Sunday, February 20, 2011

Getting Permission To Hunt Private Land

Have you ever driven by a tract of land and thought, man, I'd like to have the opportunity to hunt there? I'm sure most of us know of property we'd like to be able to hunt, but can't because it's privately owned. In reality, the only thing standing between you and potentially new hunting opportunities is asking permission. I'm going to provide a few pointers that can help make that process a bit easier. 


You might be thinking, uh, Brian, deer season just closed recently and the next season is several months away. Why are you talking about this now? Well, seeking permission to hunt on private property is a bit like scouting - if you want to be ready for the upcoming season, you really need to start working now. Approaching a landowner right before the season is about to open is kinda like studying for a big test the night before. It's not the best way to go. Plus, this applies to any kind of hunting - not just deer hunting. Spring turkey will be opening in many states before too long. Now is the time to get on it. 


Here are a few tips that can help increase your odds of receiving permission... 


Start now and leave the camo at home. You should start making contact with landowners early in the year. It might seem like a minor thing, but asking several months in advance shows that you're thinking ahead and is more respectful than knocking on somebody's door two days before the season opens. This also gives a landowner time to think it over, if necessary, and get to know you better. Some people might be more open to the idea of letting you hunt on their land if they're not being asked to make a spur-of-the-moment decision.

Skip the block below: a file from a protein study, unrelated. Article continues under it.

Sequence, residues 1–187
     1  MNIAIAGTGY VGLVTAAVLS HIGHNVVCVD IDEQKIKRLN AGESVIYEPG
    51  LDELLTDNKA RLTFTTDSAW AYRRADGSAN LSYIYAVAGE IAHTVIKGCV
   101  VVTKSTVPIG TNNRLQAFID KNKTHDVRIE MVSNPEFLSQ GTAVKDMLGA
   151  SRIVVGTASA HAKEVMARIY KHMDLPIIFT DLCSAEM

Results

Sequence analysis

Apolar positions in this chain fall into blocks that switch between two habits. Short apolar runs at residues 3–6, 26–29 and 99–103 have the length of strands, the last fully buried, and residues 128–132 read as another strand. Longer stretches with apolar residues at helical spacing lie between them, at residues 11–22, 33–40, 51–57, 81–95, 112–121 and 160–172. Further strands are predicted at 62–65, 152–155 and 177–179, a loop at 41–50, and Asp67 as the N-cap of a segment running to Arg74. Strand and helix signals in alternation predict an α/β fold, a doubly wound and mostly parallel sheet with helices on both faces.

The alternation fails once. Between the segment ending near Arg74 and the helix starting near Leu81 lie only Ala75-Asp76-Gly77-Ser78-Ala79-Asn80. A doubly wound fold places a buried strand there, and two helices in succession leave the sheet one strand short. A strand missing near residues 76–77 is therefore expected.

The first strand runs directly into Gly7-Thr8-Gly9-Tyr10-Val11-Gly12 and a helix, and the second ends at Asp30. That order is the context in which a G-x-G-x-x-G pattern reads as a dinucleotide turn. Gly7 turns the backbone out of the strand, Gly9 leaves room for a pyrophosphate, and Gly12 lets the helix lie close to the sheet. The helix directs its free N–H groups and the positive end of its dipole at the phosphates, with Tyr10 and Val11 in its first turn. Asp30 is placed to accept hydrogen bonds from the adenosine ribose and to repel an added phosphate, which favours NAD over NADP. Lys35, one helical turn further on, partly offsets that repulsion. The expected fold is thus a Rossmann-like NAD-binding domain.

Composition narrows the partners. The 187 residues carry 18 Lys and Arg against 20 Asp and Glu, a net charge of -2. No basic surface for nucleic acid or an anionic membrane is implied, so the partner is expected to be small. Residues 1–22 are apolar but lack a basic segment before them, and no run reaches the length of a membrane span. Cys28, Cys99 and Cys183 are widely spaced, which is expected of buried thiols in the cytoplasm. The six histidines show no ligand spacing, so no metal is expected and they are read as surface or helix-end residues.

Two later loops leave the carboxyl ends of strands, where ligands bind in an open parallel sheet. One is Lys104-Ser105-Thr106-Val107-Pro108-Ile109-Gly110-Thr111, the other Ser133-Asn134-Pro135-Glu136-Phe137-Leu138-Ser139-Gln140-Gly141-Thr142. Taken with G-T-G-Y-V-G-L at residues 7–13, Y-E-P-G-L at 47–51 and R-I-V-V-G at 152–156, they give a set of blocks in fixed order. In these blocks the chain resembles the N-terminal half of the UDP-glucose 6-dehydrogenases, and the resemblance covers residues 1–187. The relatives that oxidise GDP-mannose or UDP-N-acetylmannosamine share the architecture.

If you ask early and receive permission, this gives you time to scout and get to know the area well ahead of the season. It also allows you to set up stands or blinds depending on what you've discussed with the landowner. If you ask early and are denied permission, you can then move on to other prospects as opposed to wasting time right before the season opens. 


When knocking on a stranger's door for the first time, I highly recommend leaving the camo attire at home. I like wearing it as much as the next person and I'm not saying you should be ashamed to dress like a hunter. However, since you are meeting a landowner for the first time, I believe it's best to dress in your regular street clothes. Some folks are put off by camo attire and others may have had bad experiences in the past with hunters or poachers. You don't know how a particular landowner feels about hunting. If you show up in camo, it has the potential to create a wall before the person has a chance to hear what you have to say. The idea is to stack the odds in your favor and looking like an average Joe can be helpful for that initial contact.